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Sm. Bhaba Sundari Vs. Ram Kamal Dutta - Court Judgment

LegalCrystal Citation
Subject Property; Civil
CourtKolkata
Decided On
Reported inAIR1927Cal27
AppellantSm. Bhaba Sundari
RespondentRam Kamal Dutta
Cases ReferredJagannath v. Shankar
Excerpt:
- .....to the view expressed therein and this being so, we think that the learned district judge was wrong in holding that the evidence tendered by the defendant was not admissible.2. the result is that the decree of the lower appellate court is set aside and the case is sent back to that court in order that the learned judge in that court may arrive at a decision after considering the evidence given by the defendant as to the satisfaction of the mortgage by payment of rs. 100 and remission of the interest due on the mortgage and may finally dispose of the appeal. costs of this appeal will abide the result.panton, j.3. i agree.
Judgment:

Greaves, J.

1. This is an appeal by the defendant in a mortgage suit. The mortgage bond was executed, by the defendant's husband, who has died and the defence taken was that the mortgage had been discharged by a payment of the principal sum of Rs. 100 which was due thereon and that the interest which was due has been remitted by the plaintiff. The first Court dismissed the suit accepting the story of the defendant but the lower appellate Court has decreed the suit for what remained due on the mortgage holding that the evidence tendered by the defendant to show satisfaction by payment of Rs. 100 and by remission of the interest was not admissible having' regard to the provisions of the Indian Evidence Act. In our opinion, the evidence is admissible to show satisfaction of the mortgage in the manner alleged by the defendant. We have been referred to two decisions, one of the Bombay High Court in Jagannath v. Shankar [1920] 4 Bom. 55, and the other in G.P. Mallappa v. Matun Naga Chetty [1918] 42 Mad. 41. There is no doubt that the decision in Jagannath v. Shankar [1920] 44 Bom. 55 supports the view taken by the learned District Judge, namely, that the evidence tendered by the defendant on this point was not admissible. But sitting recently with Mr. Justice B.B. Ghose I had an occasion to consider the Bombay decision and the view we arrived at was that despite that decision it was open to the mortgagor to prove that the mortgage had been satisfied not merely by payment in full of the amount which was due thereon but by part payment and remission of the balance. That case is not reported and unfortunately we have not been able to refer to it. But I still adhere to the view expressed therein and this being so, we think that the learned District Judge was wrong in holding that the evidence tendered by the defendant was not admissible.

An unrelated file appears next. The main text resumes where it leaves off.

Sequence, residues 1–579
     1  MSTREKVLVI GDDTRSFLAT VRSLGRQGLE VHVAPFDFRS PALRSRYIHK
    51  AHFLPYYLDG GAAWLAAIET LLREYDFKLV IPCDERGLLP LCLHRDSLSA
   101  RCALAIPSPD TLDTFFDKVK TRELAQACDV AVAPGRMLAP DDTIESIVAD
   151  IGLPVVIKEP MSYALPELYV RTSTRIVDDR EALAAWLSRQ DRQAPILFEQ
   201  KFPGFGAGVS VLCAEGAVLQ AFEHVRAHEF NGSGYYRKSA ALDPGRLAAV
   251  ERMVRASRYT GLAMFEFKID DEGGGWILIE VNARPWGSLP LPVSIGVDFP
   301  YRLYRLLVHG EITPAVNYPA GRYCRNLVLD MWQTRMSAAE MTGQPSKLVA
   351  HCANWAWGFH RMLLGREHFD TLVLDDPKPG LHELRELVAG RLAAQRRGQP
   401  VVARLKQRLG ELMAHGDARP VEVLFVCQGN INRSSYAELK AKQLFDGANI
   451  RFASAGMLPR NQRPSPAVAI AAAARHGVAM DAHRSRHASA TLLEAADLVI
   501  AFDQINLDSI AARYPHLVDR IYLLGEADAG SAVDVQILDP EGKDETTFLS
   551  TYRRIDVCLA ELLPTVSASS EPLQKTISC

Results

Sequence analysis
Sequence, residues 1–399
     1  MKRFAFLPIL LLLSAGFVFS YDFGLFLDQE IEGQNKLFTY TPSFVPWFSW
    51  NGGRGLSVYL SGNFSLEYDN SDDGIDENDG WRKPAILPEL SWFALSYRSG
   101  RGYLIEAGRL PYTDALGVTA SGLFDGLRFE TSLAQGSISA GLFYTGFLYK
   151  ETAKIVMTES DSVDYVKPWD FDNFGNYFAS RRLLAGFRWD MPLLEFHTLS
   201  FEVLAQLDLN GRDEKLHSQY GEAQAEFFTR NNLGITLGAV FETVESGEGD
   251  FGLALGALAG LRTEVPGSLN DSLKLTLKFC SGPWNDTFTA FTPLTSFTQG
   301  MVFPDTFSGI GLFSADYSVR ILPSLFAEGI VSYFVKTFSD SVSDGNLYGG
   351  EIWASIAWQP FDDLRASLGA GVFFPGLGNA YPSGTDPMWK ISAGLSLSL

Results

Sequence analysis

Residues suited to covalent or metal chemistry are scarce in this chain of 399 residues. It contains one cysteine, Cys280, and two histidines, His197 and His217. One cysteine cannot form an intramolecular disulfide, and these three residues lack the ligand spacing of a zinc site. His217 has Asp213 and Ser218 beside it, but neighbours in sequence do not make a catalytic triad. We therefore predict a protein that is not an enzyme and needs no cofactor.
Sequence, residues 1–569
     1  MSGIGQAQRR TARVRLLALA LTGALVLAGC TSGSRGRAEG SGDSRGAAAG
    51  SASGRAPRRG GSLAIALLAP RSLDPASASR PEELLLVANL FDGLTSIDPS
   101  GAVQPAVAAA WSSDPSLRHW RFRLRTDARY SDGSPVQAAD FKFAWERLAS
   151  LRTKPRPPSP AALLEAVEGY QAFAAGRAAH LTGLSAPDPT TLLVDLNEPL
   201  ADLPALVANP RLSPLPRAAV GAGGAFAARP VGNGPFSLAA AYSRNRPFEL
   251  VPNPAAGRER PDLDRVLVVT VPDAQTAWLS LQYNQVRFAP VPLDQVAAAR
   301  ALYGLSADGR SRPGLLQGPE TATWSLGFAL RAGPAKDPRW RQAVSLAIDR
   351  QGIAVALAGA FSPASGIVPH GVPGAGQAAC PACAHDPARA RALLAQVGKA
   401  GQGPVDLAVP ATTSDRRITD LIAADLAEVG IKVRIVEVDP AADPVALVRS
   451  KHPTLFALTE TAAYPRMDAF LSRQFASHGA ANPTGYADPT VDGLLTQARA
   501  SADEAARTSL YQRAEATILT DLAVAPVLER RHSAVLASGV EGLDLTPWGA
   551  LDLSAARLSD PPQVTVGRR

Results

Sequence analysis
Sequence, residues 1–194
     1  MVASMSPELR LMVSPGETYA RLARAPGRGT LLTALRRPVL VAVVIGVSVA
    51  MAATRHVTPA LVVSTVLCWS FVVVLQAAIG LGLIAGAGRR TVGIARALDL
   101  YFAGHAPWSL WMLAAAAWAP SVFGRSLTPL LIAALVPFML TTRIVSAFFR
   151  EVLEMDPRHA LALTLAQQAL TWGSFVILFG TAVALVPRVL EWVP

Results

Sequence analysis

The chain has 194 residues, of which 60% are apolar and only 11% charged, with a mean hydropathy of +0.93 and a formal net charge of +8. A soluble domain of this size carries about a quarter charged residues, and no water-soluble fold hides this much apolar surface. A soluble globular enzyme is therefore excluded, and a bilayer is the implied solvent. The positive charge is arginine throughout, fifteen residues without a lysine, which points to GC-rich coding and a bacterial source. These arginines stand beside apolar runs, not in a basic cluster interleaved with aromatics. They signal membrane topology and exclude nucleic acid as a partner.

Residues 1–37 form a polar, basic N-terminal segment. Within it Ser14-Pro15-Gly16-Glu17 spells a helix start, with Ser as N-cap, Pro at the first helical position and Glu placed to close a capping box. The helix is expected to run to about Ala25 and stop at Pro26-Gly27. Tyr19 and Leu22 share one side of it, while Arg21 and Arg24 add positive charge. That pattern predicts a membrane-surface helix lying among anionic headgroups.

2. The result is that the decree of the lower appellate Court is set aside and the case is sent back to that Court in order that the learned Judge in that Court may arrive at a decision after considering the evidence given by the defendant as to the satisfaction of the mortgage by payment of Rs. 100 and remission of the interest due on the mortgage and may finally dispose of the appeal. Costs of this appeal will abide the result.

Panton, J.

3. I agree.


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